par Vincent, Jean Louis
Référence Evidence-Based Practice of Critical Care, Elsevier, page (274-278.e1)
Publication Publié, 2019-01
Partie d'ouvrage collectif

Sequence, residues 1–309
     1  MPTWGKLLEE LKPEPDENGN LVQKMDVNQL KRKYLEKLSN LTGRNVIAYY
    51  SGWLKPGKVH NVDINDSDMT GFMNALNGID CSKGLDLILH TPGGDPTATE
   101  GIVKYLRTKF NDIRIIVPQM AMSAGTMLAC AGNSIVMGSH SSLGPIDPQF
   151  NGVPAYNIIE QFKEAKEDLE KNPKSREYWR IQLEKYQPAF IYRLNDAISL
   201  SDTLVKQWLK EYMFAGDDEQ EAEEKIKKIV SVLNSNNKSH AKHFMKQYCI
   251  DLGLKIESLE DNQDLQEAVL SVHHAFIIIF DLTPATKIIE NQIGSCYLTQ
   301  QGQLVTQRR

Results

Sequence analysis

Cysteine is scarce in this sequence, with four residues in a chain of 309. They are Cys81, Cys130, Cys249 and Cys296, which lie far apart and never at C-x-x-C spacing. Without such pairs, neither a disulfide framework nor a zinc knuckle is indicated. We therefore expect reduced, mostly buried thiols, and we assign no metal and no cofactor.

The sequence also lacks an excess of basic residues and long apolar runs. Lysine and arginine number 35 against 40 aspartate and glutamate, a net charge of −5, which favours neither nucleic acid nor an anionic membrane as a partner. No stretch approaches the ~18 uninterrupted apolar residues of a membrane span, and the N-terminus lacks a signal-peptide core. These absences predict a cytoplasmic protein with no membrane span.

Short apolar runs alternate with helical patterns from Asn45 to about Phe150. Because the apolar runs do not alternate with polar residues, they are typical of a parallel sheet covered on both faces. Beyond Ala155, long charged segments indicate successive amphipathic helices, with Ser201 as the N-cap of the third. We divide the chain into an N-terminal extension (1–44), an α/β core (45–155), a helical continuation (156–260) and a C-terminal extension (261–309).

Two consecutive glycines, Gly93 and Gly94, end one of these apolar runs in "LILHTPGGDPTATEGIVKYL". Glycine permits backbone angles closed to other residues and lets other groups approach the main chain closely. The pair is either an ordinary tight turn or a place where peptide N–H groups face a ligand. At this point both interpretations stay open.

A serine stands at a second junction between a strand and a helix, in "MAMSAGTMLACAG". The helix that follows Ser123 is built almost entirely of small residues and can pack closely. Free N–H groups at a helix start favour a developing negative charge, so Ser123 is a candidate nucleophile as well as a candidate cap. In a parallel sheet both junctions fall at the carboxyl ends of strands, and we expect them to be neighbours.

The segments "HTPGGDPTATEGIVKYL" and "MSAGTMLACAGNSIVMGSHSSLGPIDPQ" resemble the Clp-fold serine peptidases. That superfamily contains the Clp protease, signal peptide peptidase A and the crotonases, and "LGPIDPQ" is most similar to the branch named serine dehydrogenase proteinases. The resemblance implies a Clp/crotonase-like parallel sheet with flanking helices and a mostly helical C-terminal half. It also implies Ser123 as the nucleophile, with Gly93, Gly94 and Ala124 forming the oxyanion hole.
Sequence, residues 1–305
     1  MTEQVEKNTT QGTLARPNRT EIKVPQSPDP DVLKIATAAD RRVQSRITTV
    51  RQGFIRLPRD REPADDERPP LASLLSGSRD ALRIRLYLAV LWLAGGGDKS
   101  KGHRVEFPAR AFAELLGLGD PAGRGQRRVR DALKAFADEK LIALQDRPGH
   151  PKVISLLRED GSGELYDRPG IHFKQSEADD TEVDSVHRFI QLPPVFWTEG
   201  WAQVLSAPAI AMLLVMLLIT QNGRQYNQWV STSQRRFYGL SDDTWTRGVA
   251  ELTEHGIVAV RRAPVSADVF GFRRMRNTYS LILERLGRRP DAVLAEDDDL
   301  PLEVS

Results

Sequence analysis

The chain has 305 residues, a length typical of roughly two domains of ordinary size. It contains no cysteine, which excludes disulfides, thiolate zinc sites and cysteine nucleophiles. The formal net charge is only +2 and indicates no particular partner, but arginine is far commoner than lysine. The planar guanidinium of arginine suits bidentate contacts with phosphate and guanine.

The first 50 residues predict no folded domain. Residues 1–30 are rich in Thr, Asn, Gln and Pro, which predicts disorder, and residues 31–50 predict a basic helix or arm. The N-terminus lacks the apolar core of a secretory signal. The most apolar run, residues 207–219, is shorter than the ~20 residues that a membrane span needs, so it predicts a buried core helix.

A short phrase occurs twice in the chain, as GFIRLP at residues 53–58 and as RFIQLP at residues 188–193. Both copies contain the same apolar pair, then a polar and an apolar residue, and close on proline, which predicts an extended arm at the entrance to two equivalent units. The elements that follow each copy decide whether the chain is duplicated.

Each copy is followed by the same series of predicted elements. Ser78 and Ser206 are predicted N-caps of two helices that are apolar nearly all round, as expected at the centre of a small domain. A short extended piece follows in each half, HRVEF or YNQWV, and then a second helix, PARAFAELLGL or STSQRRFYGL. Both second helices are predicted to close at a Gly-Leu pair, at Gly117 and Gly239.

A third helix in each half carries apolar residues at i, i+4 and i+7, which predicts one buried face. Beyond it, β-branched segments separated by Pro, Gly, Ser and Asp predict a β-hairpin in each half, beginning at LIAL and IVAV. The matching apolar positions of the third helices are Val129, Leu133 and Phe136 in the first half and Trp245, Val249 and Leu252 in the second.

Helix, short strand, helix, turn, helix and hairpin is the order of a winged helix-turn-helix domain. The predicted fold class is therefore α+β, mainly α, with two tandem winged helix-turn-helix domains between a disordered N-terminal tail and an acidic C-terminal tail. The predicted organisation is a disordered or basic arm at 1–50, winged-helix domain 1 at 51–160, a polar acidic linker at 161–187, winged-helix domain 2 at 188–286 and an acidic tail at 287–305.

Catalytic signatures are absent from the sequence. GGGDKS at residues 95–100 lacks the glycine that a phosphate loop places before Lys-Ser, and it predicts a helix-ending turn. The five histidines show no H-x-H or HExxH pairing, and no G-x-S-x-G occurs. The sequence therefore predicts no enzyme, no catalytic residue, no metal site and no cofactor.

Résumé : Sepsis remains a common condition in critically ill patients. Evidence suggests that there has been some reduction in mortality rates from sepsis over recent years, although there have been no major breakthroughs in specific sepsis therapies. There has, however, been increased awareness of the signs and symptoms of sepsis and the importance of early diagnosis and management. There have also been improvements in the general process of care for these patients, including reduced iatrogenesis, more individualized patient management, and improved multidisciplinary teamwork. Randomized controlled clinical trials of interventions for patients with sepsis have largely been unsuccessful, primarily because patient selection was inadequate with interventions targeted at widely heterogeneous groups of patients rather than at those most likely to benefit. Improved techniques to characterize patients will help in targeting treatments more appropriately. Currently, early infection management with appropriate antibiotics and source control, combined with rapid resuscitation and hemodynamic stabilization all performed by a dedicated sepsis team remain the key aspects of treatment.